Frequently Asked Questions: Make a Will Week & Month

If you’re reading this, chances are you’ve heard of Make a Will Week or Make a Will Month. But what actually is Make a Will Week? Why did it begin? What’s the point and what does it mean for you? Several Provinces recognize their own specific week or month annually to promote the same message: you need to make your Will. In the following article, we’ll go into why this is so important and answer several of the questions that you may have on Make a Will Week and Make a Will Month.

Make a Will Week & Make a Will Month | FAQ

Make a Will Week and Make a Will Month are annual awareness campaigns, scheduled by their respective provinces, with the goal of informing and educating adults on the need for a Will.

“Determining how your wishes are expressed is a critical decision that impacts families and loved ones”, stated Lynne Vicars, President of the Ontario Bar Association – the originators of Ontario’s Make a Will Month.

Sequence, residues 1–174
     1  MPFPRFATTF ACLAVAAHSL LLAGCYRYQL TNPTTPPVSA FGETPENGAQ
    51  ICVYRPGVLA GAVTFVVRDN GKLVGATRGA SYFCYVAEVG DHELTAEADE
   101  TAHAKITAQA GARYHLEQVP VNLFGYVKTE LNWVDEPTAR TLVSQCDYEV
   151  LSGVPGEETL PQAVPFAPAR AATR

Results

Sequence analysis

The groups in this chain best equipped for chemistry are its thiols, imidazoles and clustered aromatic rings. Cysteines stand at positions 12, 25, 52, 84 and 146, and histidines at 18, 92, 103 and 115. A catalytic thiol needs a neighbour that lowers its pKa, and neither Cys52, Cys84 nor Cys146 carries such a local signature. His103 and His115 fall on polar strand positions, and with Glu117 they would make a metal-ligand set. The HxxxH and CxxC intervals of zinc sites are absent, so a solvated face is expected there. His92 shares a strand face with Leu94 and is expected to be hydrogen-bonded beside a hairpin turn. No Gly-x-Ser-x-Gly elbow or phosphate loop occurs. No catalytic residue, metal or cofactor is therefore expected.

During the awareness period, you will likely see law associations, estate planning attorneys and online Will companies releasing educational info in participation of the event.

Why Do We Have Make a Will Week / Month?

Despite the fact that every adult needs a Will, our national survey showed that 62% of Canadian adults still do not have a Will. Beyond this, an additional 12% of Canadians noted that while they did have a Will, it was actually out-of-date.

Why is Having a Will so Important?

Two of the most important functions of a Will are:
1. choosing how to distribute your estate among loved ones and
2. making key appointments including a guardian for minor children and an Executor to administer your estate.